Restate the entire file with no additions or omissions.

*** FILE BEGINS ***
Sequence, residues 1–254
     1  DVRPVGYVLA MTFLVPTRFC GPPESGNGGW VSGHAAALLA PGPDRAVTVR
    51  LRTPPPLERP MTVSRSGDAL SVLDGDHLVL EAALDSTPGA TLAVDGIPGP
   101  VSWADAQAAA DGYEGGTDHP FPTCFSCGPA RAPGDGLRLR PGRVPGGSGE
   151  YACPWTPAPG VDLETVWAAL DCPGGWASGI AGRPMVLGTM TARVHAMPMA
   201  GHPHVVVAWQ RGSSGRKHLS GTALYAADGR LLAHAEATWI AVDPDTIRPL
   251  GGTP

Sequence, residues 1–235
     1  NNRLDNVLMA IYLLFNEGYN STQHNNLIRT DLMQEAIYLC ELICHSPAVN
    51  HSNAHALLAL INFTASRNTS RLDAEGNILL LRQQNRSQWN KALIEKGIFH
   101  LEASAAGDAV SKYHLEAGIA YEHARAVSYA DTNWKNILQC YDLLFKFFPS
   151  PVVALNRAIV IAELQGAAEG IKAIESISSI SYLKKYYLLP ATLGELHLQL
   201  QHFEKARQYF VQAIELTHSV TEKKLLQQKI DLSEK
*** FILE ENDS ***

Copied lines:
Sequence, residues 1–254
     1  DVRPVGYVLA MTFLVPTRFC GPPESGNGGW VSGHAAALLA PGPDRAVTVR
    51  LRTPPPLERP MTVSRSGDAL SVLDGDHLVL EAALDSTPGA TLAVDGIPGP
   101  VSWADAQAAA DGYEGGTDHP FPTCFSCGPA RAPGDGLRLR PGRVPGGSGE
   151  YACPWTPAPG VDLETVWAAL DCPGGWASGI AGRPMVLGTM TARVHAMPMA
   201  GHPHVVVAWQ RGSSGRKHLS GTALYAADGR LLAHAEATWI AVDPDTIRPL
   251  GGTP

Sequence, residues 1–235
     1  NNRLDNVLMA IYLLFNEGYN STQHNNLIRT DLMQEAIYLC ELICHSPAVN
    51  HSNAHALLAL INFTASRNTS RLDAEGNILL LRQQNRSQWN KALIEKGIFH
   101  LEASAAGDAV SKYHLEAGIA YEHARAVSYA DTNWKNILQC YDLLFKFFPS
   151  PVVALNRAIV IAELQGAAEG IKAIESISSI SYLKKYYLLP ATLGELHLQL
   201  QHFEKARQYF VQAIELTHSV TEKKLLQQKI DLSEK